Heavyweight United States duo Tiger Woods and Phil Mickelson lost twice on the opening day of the 35th Ryder Cup golf tournament as Europe opened up a record-equalling lead of 6-1/2 points to 1-1/2.
Woods and Mickelson, beaten 2 & 1 in the morning fourballs by Colin Montgomerie and Padraig Harrington, wasted an early advantage before going down by a hole to Europeans Darren Clarke and Lee Westwood in the afternoon foursomes.
"It was huge psychologically, a huge blow to the Americans and a huge help for the Europeans," Europe captain Bernhard Langer told reporters on Friday after his team had produced their biggest first-day lead in the biennial competition, equalling the U.S. performance in 1975.
"They (the U.S.) know they have to come up with a lot more than they came up with today to win this Cup," added Langer after an overcast day of swirling winds at Oakland Hills.
Although the U.S. clinched their only match of the day when Cup rookie Chris DiMarco and veteran Jay Haas beat Miguel Angel Jimenez and Thomas Levet 3 & 2, Europe followed up with a 4 & 2 win by Montgomerie and Harrington over Davis Love and Fred Funk.
Holders Europe, who had led the U.S. by 3-1/2 points to a 1/2 after dominating the morning encounters, completed a memorable day when Spaniard Sergio Garcia and Briton Luke Donald beat Kenny Perry and Stewart Cink 2 & 1.
"They (Europe) played like they were making things happen," said an angry U.S. captain Hal Sutton. "We played like we were hoping things would happen. And that was the difference.
"We've still got a chance, though. We are not out of this thing yet. We've got to get five points or more tomorrow. That's the target I've set them."
Playing the alternate-shot format, eight-times major winner Woods and U.S. Masters champion Mickelson had dovetailed superbly early on in their foursomes match, reeling off birdies at the second, third and fourth to take control.
They lost momentum, though, with a bogey-five at the 356-yard sixth before the Europeans forged ahead after winning the seventh, 10th and 11th holes.
Woods and Mickelson levelled the match at the par-three 17th, where Westwood failed to escape from a greenside bunker, but a wayward drive by Mickelson at the last allowed the Europeans to seal the win with a bogey-five.
In front of subdued American galleries, DiMarco and 50-year-old Haas at least gave the U.S. team some inspiration.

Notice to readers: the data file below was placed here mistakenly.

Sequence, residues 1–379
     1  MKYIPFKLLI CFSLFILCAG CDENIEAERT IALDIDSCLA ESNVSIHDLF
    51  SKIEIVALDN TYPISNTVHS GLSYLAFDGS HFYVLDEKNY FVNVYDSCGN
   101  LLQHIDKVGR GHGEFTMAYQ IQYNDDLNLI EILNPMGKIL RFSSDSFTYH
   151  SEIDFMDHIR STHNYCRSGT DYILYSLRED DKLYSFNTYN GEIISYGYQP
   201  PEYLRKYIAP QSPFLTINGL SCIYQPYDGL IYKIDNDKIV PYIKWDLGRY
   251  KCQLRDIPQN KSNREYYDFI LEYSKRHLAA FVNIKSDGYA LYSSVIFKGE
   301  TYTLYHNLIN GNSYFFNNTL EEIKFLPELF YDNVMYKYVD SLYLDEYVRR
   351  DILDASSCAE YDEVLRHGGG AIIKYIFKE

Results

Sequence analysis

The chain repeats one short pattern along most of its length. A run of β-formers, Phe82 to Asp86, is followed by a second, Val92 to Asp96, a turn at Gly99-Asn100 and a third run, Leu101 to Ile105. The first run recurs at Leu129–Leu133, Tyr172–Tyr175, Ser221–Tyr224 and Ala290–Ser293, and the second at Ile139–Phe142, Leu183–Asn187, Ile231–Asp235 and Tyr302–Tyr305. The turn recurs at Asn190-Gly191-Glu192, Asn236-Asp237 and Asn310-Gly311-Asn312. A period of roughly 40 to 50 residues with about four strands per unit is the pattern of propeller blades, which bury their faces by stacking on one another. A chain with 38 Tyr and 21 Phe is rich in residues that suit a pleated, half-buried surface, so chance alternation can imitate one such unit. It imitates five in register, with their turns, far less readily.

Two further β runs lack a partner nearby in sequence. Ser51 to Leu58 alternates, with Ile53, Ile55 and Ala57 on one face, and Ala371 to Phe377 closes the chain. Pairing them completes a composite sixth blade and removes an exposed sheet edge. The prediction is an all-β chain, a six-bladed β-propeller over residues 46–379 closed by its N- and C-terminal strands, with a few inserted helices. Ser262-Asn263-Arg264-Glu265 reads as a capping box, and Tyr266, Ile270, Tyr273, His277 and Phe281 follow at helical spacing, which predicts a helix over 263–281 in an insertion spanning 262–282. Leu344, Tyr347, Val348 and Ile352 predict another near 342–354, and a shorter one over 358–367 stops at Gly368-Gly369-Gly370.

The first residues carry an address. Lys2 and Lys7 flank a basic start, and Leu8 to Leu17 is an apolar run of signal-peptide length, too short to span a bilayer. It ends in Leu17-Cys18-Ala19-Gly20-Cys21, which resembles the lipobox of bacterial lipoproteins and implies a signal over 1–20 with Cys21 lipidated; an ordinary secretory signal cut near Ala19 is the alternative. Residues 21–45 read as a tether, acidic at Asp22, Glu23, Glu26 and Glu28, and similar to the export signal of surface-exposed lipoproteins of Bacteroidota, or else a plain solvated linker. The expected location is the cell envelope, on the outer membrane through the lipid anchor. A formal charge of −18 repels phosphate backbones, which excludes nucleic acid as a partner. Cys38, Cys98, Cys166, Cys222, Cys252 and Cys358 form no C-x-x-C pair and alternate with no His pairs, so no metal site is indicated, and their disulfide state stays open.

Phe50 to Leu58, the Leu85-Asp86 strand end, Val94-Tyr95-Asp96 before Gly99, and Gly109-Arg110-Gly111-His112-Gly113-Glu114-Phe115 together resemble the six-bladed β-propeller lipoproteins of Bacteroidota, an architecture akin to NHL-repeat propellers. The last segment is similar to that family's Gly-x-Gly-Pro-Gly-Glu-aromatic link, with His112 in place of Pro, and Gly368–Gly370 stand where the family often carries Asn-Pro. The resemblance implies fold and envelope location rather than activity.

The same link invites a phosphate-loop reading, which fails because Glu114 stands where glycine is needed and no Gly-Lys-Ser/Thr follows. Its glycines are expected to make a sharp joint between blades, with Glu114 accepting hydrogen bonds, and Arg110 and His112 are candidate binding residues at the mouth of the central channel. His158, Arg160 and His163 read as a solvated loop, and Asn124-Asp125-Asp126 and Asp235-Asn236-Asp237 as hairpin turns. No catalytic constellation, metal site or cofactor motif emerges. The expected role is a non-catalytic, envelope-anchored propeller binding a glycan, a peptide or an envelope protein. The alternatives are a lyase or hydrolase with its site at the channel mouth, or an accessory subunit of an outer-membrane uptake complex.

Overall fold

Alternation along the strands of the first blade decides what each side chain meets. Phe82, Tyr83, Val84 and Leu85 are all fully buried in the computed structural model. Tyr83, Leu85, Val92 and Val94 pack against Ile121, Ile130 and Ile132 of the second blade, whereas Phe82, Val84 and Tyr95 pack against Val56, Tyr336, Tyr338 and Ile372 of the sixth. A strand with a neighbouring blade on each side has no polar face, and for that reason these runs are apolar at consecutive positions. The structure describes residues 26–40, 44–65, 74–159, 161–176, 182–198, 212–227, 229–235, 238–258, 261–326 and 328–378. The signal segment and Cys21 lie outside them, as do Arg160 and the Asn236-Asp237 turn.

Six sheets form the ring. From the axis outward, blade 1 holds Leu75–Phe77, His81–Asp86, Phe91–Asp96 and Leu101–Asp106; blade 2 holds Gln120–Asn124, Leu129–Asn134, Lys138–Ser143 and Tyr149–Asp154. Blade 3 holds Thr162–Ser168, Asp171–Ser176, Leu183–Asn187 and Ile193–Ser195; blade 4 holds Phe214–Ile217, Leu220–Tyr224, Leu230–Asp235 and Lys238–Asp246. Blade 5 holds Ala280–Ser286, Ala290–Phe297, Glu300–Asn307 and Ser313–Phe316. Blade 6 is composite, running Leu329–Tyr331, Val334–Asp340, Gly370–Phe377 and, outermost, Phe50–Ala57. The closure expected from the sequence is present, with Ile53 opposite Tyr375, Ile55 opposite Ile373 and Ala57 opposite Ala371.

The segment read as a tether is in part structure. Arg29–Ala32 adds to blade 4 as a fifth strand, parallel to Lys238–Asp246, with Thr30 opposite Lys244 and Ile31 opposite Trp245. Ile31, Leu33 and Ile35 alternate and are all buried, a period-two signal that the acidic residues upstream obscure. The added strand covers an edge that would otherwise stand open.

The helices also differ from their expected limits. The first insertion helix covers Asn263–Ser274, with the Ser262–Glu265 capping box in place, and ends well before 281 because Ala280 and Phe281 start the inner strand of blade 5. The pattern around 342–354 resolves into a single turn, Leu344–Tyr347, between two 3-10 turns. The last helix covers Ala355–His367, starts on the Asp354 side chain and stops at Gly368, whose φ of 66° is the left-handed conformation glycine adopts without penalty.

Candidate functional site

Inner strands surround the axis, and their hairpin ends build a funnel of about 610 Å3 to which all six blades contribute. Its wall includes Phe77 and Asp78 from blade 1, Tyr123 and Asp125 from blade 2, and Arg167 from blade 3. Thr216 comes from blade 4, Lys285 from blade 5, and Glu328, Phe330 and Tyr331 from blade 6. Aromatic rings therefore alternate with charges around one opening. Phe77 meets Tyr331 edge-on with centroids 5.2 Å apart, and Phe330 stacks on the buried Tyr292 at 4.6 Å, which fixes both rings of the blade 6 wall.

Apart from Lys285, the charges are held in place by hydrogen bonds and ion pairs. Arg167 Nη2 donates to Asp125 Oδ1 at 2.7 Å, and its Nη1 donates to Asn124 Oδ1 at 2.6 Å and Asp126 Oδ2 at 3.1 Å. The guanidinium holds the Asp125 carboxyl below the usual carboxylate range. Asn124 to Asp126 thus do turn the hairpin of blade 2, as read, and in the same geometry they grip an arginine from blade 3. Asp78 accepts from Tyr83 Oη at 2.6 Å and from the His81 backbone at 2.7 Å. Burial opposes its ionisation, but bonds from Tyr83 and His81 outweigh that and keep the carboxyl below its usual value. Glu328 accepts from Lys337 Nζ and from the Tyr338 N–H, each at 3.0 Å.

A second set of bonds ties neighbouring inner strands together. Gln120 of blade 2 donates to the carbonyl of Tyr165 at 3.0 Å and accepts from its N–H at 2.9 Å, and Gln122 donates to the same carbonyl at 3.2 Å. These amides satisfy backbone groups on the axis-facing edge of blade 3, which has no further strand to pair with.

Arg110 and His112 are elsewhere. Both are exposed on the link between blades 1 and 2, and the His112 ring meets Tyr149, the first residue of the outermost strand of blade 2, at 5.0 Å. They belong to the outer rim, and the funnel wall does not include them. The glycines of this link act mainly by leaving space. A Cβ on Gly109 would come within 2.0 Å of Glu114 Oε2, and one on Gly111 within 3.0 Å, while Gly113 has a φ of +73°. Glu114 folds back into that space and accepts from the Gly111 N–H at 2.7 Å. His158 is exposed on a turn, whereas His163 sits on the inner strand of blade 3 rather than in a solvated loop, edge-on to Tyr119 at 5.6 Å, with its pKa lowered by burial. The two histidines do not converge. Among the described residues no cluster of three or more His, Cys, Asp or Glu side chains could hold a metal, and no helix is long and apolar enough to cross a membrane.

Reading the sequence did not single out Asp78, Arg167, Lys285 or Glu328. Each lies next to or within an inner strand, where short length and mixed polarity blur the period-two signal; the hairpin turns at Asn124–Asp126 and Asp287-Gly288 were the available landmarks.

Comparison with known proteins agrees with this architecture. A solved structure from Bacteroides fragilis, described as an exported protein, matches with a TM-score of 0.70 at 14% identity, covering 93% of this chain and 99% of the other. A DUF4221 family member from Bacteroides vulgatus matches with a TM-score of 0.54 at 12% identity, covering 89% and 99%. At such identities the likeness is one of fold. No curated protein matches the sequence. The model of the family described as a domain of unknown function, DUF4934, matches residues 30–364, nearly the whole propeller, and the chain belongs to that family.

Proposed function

"We made some putts, we finally made some putts," said DiMarco, 36, after his partner had set up victory with a fine approach to within a foot of the flag at the par-four 16th.
Inspired by a brilliant display of putting, Europe came close to 4-0 clean sweep in the morning foursomes.
Clarke and Jimenez drew first blood, beating Love and Chad Campbell 5 & 4, before Montgomerie and Harrington outplayed U.S. trump cards Woods and Mickelson.
Garcia and Westwood, a successful combination for Europe at The Belfry in 2002, grabbed their team's third point with a 5 & 3 victory over former major winners David Toms and Jim Furyk.
The Americans managed to avoid their first clean sweep in the opening fourballs since the 1989 Ryder Cup at the Belfry when Chris Riley and Cink finished all square after a tense battle with Irishman Paul McGinley and Englishman Donald.
Woods and world number four Mickelson had never before played together at the Ryder Cup and captain Sutton's high-risk strategy backfired as the heavyweight pairing failed to spark.
Montgomerie and Harrington birdied six of the first eight holes and, although Mickelson upped his game after the turn to give the Americans a whiff of a chance, the Europeans never relinquished control.
"It was very important for us to get off to a good start, and we did," Montgomerie said. "We birdied the first four holes and you can't really do much against that.
"It (the win) was psychologically almost worth two points to us. We dovetailed very well and, thanks to my Irish partner here, played fantastic golf."